By Beatrice M. Laforga
THE government will boost spending this year including on infrastructure and social programs to shield the economy from the effects of the coronavirus disease 2019 (COVID-19) pandemic, softer global demand, and the Taal Volcano eruption at the start of the year, according to the Budget department.
“Nonetheless, the government will remain prudent with public expenditures to ensure long-term fiscal sustainability,” it said in a statement.
Infrastructure spending more than doubled to a record P177.9 billion in December from P75.6 billion a year earlier, data showed.
This brought total infrastructure spending to P881.7 billion last year, 9.7% higher than a year earlier and bigger than the 859.4-billion target, the Budget department said.
The agency traced the December spike to disbursements by the Department of Public Works and Highways (DPWH) that rose by 86% year on year.
DPWH finished road and bridge projects including the Bayombong-Solano bypass road and Tagum City flyover. It also completed right-of-way acquisitions, bridges, and flood mitigation structures and drainages at the Agno river basin and Cagayan river, the Budget department said.
The infrastructure spending surge was largely due to government “catch-up efforts,” said Ruben Carlo O. Asuncion, chief economist at UnionBank of the Philippines, Inc.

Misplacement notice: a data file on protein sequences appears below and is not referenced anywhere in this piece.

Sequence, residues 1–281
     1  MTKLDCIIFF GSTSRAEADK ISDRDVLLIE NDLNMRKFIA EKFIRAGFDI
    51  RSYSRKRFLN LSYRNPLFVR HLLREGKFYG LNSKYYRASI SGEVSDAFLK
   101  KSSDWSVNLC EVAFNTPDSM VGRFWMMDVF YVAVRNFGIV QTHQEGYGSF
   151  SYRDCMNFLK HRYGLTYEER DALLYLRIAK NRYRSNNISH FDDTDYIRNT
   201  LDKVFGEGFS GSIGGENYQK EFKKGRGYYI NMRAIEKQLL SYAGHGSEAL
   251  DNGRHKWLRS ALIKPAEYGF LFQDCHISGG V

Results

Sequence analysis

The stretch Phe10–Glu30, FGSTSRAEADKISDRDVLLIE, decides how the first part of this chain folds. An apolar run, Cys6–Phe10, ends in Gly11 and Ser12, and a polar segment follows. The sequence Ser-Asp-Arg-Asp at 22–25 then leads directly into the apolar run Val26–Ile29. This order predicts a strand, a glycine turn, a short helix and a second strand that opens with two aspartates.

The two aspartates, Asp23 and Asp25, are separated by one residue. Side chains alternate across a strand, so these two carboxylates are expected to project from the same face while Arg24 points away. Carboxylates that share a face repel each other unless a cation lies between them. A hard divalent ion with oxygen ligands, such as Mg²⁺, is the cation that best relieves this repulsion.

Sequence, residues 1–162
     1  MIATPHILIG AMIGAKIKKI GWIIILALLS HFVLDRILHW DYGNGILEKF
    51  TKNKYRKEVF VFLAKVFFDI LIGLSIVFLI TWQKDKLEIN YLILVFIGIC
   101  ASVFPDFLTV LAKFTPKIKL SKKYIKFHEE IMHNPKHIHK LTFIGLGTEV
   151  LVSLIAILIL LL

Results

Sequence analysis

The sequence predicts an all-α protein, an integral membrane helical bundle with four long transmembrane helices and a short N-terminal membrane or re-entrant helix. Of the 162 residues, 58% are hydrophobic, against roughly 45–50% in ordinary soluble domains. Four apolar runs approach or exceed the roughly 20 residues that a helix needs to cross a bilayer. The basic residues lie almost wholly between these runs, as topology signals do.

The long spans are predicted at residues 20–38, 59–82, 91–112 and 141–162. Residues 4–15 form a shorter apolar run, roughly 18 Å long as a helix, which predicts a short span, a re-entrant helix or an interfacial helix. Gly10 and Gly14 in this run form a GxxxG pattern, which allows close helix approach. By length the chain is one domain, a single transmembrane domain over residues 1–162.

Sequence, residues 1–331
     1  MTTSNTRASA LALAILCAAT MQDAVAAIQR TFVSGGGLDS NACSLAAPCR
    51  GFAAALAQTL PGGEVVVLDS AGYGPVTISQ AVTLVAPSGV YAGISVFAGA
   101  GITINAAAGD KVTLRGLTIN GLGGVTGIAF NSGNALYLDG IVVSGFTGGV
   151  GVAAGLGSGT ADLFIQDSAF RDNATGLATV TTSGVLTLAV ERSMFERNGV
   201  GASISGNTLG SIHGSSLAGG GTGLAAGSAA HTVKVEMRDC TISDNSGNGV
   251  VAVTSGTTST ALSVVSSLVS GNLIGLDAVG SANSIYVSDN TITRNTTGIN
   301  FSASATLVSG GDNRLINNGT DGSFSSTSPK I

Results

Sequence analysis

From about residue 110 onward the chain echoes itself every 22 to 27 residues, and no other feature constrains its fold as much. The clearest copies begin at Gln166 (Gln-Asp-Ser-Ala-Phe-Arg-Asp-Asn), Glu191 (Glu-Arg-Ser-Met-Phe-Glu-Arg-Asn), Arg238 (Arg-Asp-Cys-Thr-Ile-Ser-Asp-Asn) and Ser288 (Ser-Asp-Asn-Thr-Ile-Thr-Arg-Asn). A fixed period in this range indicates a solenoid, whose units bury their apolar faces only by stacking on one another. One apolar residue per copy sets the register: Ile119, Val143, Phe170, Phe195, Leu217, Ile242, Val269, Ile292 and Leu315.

“We all know that the efforts were not enough to breach the 2019 growth target due to historical and perennial low absorptive capacity of government agencies and institutions implementing infrastructure projects,” he said in an e-mail. “Although some have improved, most are still challenged.”
Catch-up measures included a 24/7 work schedule for the construction of big infrastructure projects and streamlining right-of-way acquisitions, the Budget department said.
The economy grew by 5.9% last year, slower than 6.2% in 2018 and missing the government’s revised 6-6.5% goal.
Michael L. Ricafort, chief economist at Rizal Commercial Banking Corp., said state spending, which accounts for 11-12% of the gross domestic product, would be one of the biggest growth drivers this year.
Mr. Asuncion said increased infrastructure spending this year is part of the much needed fiscal stimulus to boost the economy amid the COVID-19 global pandemic.
“Infrastructure expenditure is critical and needed at this juncture where demand and supply have been dampened,” he said. “It will help pump-prime the macroeconomy in the next coming months.”
Mr. Ricafort said the outbreak could disrupt logistics and supply chains of various infrastructure projects even if supplies and workers are exempted from the month-long lockdown in Metro Manila.
“Additional spending should be moved forward to help rescue firms hardest hit by the coronavirus spread,” the analyst said.